Permanent URI for this section

Aimol (ISO-639-3 code: aim)

The people

Aimol is one of the recognized tribes of Manipur (29th October, 1956 vide notification no. 2477, under Ministry of Home Affairs, Government of India). As per Population census 2001, Aimol has a total population of 2,643 and is considered to be a critically endangered language by UNESCO. The Aimols are mainly found in Chandel, Churachandpur, and Senapati districts of Manipur. They inhabit 15 villages (11 in Chandel district, 2 in Churachandpur district and 2 in Senapati district).

According to a myth, there once lived a man named Khoichungtepa. One night in his dream, he saw a meiwar “a fire like lightening” growing like a plant in the centre of his courtyard. He uprooted the fire plant and planted it in another place. He cared and nourished the plant by pouring jutui “wine”. The plant grew to become doi-ai “a magic power”. Thus, Khoichungtepa possessed this doi-ai and he used it to cure different kinds of sicknesses in the locality. He was also able to predict the future. Many people of the area came with their problems and the locality became very popular. As a result, the place came to be known as muolhui “comfortable place”. So the term Aimol is derived from the combination of the two words- doi-ai “magic power” and muolhui “comfortable place”.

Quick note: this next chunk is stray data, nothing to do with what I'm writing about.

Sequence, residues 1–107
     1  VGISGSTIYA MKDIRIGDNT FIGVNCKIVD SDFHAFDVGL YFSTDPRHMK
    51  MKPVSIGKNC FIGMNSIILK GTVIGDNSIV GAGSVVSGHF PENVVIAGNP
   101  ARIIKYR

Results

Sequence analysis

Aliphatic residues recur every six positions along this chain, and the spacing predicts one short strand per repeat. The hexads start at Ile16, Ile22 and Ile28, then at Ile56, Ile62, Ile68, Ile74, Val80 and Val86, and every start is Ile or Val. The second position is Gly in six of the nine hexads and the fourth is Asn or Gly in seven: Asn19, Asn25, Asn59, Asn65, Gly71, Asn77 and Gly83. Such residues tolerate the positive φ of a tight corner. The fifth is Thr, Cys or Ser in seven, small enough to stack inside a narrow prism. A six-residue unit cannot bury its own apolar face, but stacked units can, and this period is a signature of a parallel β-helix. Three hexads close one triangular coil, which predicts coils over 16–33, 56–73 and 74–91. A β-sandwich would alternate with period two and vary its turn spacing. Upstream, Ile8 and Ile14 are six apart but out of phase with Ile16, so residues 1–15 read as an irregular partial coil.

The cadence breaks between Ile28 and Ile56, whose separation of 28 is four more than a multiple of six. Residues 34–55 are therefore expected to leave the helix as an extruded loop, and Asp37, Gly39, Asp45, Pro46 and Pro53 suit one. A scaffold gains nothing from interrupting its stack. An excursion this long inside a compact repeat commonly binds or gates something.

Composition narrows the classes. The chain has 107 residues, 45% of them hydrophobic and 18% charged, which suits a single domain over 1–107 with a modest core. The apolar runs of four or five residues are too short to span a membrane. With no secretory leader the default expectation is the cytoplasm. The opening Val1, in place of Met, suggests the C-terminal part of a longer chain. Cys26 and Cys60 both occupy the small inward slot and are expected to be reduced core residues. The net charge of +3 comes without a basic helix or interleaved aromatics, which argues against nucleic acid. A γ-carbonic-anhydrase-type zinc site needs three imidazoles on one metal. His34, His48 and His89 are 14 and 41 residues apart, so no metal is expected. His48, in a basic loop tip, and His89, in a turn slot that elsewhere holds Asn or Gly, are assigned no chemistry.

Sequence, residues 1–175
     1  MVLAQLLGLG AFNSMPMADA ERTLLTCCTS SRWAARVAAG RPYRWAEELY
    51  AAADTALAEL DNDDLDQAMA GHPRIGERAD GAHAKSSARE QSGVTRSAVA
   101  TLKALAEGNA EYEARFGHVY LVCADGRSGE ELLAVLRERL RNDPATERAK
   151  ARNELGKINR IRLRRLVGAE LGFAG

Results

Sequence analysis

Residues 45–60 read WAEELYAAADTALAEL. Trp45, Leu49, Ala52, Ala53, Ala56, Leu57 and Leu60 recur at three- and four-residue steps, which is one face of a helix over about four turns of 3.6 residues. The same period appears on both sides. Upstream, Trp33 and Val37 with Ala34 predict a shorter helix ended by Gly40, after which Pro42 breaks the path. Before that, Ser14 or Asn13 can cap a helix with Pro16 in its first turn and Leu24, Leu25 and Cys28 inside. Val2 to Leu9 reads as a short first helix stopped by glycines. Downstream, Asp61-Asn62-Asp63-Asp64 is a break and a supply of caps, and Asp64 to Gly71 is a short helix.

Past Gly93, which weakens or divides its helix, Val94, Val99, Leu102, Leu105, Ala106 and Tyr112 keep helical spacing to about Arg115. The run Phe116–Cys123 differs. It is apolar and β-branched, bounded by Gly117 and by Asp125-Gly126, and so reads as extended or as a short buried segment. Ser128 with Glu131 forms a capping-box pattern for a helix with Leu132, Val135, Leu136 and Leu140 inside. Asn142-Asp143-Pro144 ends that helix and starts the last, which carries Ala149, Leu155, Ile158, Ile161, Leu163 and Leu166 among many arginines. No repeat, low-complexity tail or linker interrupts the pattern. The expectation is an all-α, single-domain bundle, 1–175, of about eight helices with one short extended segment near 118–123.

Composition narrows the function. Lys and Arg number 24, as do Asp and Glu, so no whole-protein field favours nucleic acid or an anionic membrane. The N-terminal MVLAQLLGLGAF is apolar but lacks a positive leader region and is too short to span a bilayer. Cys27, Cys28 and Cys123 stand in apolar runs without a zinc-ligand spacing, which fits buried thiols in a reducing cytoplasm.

The Language

Aimol is one of the Tibeto-Burman languages spoken in Manipur. The language has close affinities with other Kuki-Chin languages like Hmar, Hrangkawl, Simte, Sukte, Malsom, Darlong, Lushai, Thadou-Kuki, Kom, Koireng, Purum, Chothe, Chiru and Kharam. Aimols use Manipuri or Meeteilon for communication with other tribes.

Religion and Occupation

The Aimols followed animism till the early part of the 20th century and believed in many deities and spirits. As part of the worshipping of these deities and spirits, they celebrated six important festivals. However, with the advent of Christianity in the 1920s, all the 15 Aimol villages today follow Christianity and these festivals are no longer observed.

The main occupation is agriculture and other activities include domestication of cows, buffaloes, oxen, pigs, dogs, ducks, hens, etc. Rice is their staple food. Cultivation of paddy is carried out by both sexes while weaving and livestock rearing is another source of income for the Aimol family.

The present work

The present project aims to provide a brief morpho-phonological description of Aimol to bring forth a bilingual Aimol-English dictionary as a follow-on.


Collections of this Section

Now showing 1 - 1 of 1